Family practices often experience a defining moment: the second-generation succession. This is a critical time, as the firm’s growth, survival or decline is at stake. It is a similar process to that of small and medium-sized businesses.
The founder of the law firm
The founder is usually a lawyer who once made a name for himself and built up a large number of loyal clients. He established a reputation in his geographical area of activity or in his specialty or specialties and faces the succession process with logical concern. If there is one thing he wants, apart from the continuity of the firm, is not only the well-being of his successor or successors, but also of the rest of his team.
It is often the case that family practices are strongly focused on individuals, with the founding partner taking centre stage. This professional is usually a lawyer who has run his firm more from a professional perspective than an entrepreneurial one.
The successor or successors want to introduce changes, but are met with resistance, with some exceptions, from the founder himself or from the rest of the team. This resistance is often the result of operational inertia, which needs to be faced to be changed, and acted on with determination and perseverance to manage it better or overcome it.
The successor in the law firm
In certain firms, the successor or successors often declare “we have failed to pick up the baton in terms of attracting new clients and being selective. The work that comes in is by referral or through acquaintances”. There is often that guilt complex, yet there is no need to lay the blame on anyone, for we all do what we can. The point is to find solutions by carrying out the succession process with a methodology and determination that will guarantee the continuity and competitiveness of the firm.
Succession is a complex process in which emotions, relationships, inertia, “what is always done” and the power struggles present in any organisation must be managed.
Business management of the family firm
The starting point is often worrying from a business point of view. In many family law firms there tends to be a lack of entrepreneurial criteria in management that leads to outcomes such as: absence of leadership, goals and objectives; lack of time and resources for client acquisition, in other words, the firm focuses on working on cases instead of seeking them out; lack of market and commercial strategy; lack of external communication: the firm has nothing other than a website and various profiles with untapped potential on social networks. The office conveys an outdated image. There is no premium service or services, which makes it difficult to differentiate the firm in the market. There is no fee-policy: systematic free consultations to people who do not become clients, translate into opportunity costs and lawyers’ frustration. Lack of organisational criteria for the firm. Lack of a defined client service policy. The firm attracts new clients through its main partner, not through the firm, and so on.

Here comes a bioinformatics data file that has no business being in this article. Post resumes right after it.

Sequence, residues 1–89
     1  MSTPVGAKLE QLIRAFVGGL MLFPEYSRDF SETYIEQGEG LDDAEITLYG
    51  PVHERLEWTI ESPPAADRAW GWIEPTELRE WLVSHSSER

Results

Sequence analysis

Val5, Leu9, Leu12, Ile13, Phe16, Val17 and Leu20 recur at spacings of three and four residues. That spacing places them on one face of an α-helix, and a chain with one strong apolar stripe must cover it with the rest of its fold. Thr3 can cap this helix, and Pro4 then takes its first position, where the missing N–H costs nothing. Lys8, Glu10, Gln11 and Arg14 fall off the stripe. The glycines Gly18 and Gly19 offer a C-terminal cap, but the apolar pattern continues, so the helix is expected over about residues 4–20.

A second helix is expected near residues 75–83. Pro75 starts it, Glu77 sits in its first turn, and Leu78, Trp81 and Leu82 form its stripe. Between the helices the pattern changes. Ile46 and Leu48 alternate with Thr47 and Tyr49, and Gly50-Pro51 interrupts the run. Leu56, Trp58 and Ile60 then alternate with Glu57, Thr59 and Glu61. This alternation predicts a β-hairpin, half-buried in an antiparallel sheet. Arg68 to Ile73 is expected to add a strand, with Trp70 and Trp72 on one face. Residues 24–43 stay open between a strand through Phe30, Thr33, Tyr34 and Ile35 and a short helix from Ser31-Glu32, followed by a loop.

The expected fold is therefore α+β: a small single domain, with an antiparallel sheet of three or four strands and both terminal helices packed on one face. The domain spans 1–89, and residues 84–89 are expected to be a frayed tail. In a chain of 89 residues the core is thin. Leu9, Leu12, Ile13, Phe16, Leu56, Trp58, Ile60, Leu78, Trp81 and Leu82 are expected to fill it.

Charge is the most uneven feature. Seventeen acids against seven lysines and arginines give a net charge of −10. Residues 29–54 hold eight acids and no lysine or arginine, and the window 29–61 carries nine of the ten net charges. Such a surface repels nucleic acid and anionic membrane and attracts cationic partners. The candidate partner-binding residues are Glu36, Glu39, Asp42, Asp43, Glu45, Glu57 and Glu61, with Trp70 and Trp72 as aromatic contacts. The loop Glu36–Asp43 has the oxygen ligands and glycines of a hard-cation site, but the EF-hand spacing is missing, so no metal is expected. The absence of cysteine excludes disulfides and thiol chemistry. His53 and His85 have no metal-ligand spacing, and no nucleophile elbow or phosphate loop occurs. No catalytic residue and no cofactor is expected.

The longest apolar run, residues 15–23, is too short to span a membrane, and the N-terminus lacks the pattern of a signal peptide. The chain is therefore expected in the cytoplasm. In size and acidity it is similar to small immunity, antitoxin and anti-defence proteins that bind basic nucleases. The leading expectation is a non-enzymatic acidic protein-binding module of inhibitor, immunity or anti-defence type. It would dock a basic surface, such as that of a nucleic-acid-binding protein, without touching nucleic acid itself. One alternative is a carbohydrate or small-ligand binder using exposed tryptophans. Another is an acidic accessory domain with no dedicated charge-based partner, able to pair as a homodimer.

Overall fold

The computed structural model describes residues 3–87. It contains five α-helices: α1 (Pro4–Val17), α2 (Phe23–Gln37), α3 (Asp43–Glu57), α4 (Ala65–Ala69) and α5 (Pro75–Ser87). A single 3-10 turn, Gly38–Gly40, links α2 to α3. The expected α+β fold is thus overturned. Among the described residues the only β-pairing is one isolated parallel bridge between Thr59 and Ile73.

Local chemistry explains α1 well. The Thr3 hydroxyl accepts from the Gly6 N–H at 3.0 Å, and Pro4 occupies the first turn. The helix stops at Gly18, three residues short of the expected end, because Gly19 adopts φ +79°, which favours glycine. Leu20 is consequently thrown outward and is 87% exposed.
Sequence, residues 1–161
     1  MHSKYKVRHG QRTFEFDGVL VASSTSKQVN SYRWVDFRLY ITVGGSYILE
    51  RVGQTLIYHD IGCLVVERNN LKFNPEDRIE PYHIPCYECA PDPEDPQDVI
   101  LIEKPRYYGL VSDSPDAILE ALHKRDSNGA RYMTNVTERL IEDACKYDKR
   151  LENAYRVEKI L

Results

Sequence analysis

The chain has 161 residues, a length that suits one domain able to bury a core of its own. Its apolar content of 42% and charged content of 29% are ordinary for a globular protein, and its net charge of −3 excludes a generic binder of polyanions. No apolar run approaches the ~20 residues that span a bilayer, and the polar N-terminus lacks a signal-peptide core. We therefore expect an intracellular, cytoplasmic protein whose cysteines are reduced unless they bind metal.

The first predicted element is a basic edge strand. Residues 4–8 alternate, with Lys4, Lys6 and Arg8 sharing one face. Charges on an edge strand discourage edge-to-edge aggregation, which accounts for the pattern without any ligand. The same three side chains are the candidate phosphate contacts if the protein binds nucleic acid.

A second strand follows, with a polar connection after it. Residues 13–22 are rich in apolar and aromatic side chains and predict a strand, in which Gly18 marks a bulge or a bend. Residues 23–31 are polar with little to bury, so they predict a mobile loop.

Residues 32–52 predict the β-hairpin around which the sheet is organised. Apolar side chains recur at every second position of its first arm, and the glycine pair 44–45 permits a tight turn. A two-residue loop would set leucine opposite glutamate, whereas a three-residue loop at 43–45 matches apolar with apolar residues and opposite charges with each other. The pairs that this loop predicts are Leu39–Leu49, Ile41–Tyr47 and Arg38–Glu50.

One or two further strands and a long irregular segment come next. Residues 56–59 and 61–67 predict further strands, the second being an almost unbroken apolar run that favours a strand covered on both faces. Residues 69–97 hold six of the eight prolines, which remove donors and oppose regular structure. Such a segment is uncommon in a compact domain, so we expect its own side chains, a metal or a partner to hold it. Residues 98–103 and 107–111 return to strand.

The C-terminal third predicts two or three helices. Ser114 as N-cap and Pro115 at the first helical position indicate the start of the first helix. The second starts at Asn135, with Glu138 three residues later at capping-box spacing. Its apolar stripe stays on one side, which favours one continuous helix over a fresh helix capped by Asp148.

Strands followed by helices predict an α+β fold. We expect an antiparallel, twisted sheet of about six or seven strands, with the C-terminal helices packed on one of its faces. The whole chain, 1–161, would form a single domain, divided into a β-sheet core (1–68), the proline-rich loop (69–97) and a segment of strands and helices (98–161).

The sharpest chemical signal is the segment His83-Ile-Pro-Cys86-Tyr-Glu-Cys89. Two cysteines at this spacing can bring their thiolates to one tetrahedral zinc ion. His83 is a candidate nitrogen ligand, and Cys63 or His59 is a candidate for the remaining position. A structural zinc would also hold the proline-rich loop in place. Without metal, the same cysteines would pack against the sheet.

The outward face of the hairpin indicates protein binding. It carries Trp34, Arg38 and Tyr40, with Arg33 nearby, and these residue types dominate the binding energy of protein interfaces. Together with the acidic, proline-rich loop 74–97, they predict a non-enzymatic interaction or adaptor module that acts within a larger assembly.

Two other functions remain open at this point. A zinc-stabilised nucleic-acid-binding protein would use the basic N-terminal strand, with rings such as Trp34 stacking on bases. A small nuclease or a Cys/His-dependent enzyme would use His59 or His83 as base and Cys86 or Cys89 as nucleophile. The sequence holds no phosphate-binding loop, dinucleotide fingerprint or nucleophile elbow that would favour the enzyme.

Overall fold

The law firm’s roadmap
The above is often accompanied by the fact that the founder, of a decidedly professional nature, does not know “what strategy to take to recover the caseloads or teach his successors how to do it and set a course”. There is no roadmap to provide vision and reassurance to the other professionals in the firm. As someone said, “Where there is no vision, the people perish”.
This can be further aggravated if the founder is a good and generous person who “remains committed to the firm, making great personal and financial sacrifices on his behalf”.
It is hard to change. It is less hard if we know how to carry out the process of change, how to overcome the resistance most of us feel, even when we believe that the benefits of change will be greater than inaction.
People are the most important asset
In this process of change, the role of the founder is essential, helping other professionals to grow, being flexible and magnanimous, showing patience on results, trusting others, believing that there are other ways to achieve objectives.
Most importantly, people and believing you can reinvent your firm make all the difference.
© Francesc Dominguez, legal marketing consultant and lawyers’ personal brand Spain, Great Britain, The Netherlands, Denmark, Germany, Sweden, Norway, Finland, Europe, Latin America, United States of America, www.francescdominguez.com.